Yukon Beringia Interpretive Centre recently launched a new website that was many moons in the making. I had the pleasure of interviewing the project's lead designer, Nicolas Lemieux, about how it came to look and feel so sharp.


Eleanor: Why was aasman asked to re-design Beringia.com?

Nicolas: The Yukon Beringia Centre is a very important hub for the prehistory of the north, but their website was out of date, both in technological and content standards. It wasn’t responsive for mobile use, integrated with social media or easy to update for their staff. Plus, the 1997 brand identity itself needed a logo and colour pallete update. 


Eleanor: What a difference — even in the logo! For the website itself, what were your guiding design principles?

Nicolas: As always, the audience leads the way. We had three target audiences to consider when building this site. 

The primary is tourists who are visiting Yukon and are interested in its natural history. Mainly, we needed to convince them to visit the centre.

Second are Yukoners — from school groups to researchers and scientists — who have a pre-existing interest in the Beringia Centre. 

Third are people from all over the world that are curious about Beringia. For them, the centre — and its website — is one of the best resources for learning about Beringia. 

For all three, we needed to balance the design between piquing interest in Beringia itself and providing practical information, news and events up front.   


Eleanor: Tell me a bit about the process you took to get here.

Nicolas: First, we reviewed the existing brand and made graphic standards recommendations including brand colours, templates and guidelines for in-house communications, to align with contemporary practices.

Second, we looked at the web analytics, which gave us insights into traffic sources (mainly from USA), and platforms (mobile and tablet traffic almost doubled from 2013 – 2015.)

Third, we flagged a list of issues and highlighted solutions: robust Content Management System (CMS) for easy updates; great mobile experience; flexible and user-friendly feed module for news, events and articles; customizable structure; social media integration, etc.

Fourth, we re-organized and prioritized content around three key components: the Ice Age, Beringia’s fauna and Beringia’s First People. We focused on finding the right balance between what the centre wants to communicate and what the user wants to see, then prioritized for easy access.

Art Direction began with a visit to the centre and a thorough review of what is on offer. We also looked into the material to see which colours and graphic elements would best reflect the Ice Age while giving it a modern look.

Next, our team researched web navigation for museums internationally, evaluating what works best, what doesn’t, and what delivers the best user experience.

The research helped establish our goal: getting people excited about the topic as much as about the events and exhibits. We structured the layout around that idea – the top of each page shows impressive images from the Beringian era, while practical information and details are just below.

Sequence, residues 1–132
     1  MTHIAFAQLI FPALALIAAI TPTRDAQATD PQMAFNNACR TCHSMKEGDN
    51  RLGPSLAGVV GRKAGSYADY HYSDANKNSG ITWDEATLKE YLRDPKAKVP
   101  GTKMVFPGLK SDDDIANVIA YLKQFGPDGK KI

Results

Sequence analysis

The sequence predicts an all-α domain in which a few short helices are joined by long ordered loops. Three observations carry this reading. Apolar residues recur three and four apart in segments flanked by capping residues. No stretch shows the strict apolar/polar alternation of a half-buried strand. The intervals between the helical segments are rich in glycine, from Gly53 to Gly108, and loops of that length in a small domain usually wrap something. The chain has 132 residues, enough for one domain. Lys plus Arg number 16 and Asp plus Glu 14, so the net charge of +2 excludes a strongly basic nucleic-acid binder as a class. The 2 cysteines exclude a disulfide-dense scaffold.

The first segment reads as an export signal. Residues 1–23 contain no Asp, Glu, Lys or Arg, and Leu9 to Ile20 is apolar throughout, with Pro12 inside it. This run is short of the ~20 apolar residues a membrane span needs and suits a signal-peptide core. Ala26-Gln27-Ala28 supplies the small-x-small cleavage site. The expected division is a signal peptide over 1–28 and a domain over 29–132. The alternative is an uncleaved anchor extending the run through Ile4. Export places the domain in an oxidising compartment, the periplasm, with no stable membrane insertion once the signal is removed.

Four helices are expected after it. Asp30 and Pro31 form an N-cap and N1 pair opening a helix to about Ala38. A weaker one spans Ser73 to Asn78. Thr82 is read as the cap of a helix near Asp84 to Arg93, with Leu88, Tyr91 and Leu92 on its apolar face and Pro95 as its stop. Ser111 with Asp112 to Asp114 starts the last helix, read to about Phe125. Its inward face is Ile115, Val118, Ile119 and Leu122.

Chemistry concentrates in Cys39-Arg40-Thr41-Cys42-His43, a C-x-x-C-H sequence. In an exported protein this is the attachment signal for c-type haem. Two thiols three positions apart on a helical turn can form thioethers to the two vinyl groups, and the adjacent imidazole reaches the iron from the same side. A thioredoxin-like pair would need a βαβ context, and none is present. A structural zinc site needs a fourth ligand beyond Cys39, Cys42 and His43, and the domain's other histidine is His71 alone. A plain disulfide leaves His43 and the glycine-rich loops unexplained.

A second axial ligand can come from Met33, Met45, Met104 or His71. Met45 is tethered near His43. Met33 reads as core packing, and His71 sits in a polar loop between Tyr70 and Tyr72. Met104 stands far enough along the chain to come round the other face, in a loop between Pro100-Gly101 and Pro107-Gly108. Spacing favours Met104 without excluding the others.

Eleanor: Knowing what it takes to develop a site like this one, what differentiates this website from other websites you’ve worked on at aasman.

Nicolas: Instead of promoting a product, a service or a campaign, the focus of this website is getting people interested in the subject of Beringia. We did this by creating a museum-like feeling for the online audiences to explore the subject.

Beringia.com is also the first Drupal site we created at aasmanDrupal is a type of content management software. Now that this complicated site is finished we know the software really well. We can do simple or complex Squarespace and WordPress sites, custom work with ExpressionEngine and now we feel confident in Drupal as well.

Of course they’re all responsive for mobile use and they all allow our clients to manage the content themselves.


Eleanor: Like they say, go hard or go home – right? Now that it’s up and running, is there anyone you want to thank?

Nicolas: So many people. Tyler Kuhn was a great guy to work with and able to see the vision from the start. He set the project off on the right foot. Throughout the course of the project, we also worked with many staff members at Beringia. Christie Grekul, Lance Leeders and many interns were very helpful in gathering imagery.

Also, at aasman Steve Rennalls managed the transition between each of our contacts at Beringia and Nicolas Dory and Zeke Aasman did an incredible job working with Drupal to achieve the design. They are a great team.

Eleanor: It’s great to see such an important resource for Yukoners and history buffs around the world come to life in such a fine site. Ooh – their next event is about lightning. Check it out folks. Thanks for taking time out to read about a day in the life of a web design team.



1 comment


by Margriet Aasman

Congratulations! I visit the Centre at least once a month… Love the new design and the updates to the look and feel of the creative including the logo. Really well thought out and intentional approach to a meaningful solution. Can’t imagine what kind of work had to be done behind the scene… excellent team work.


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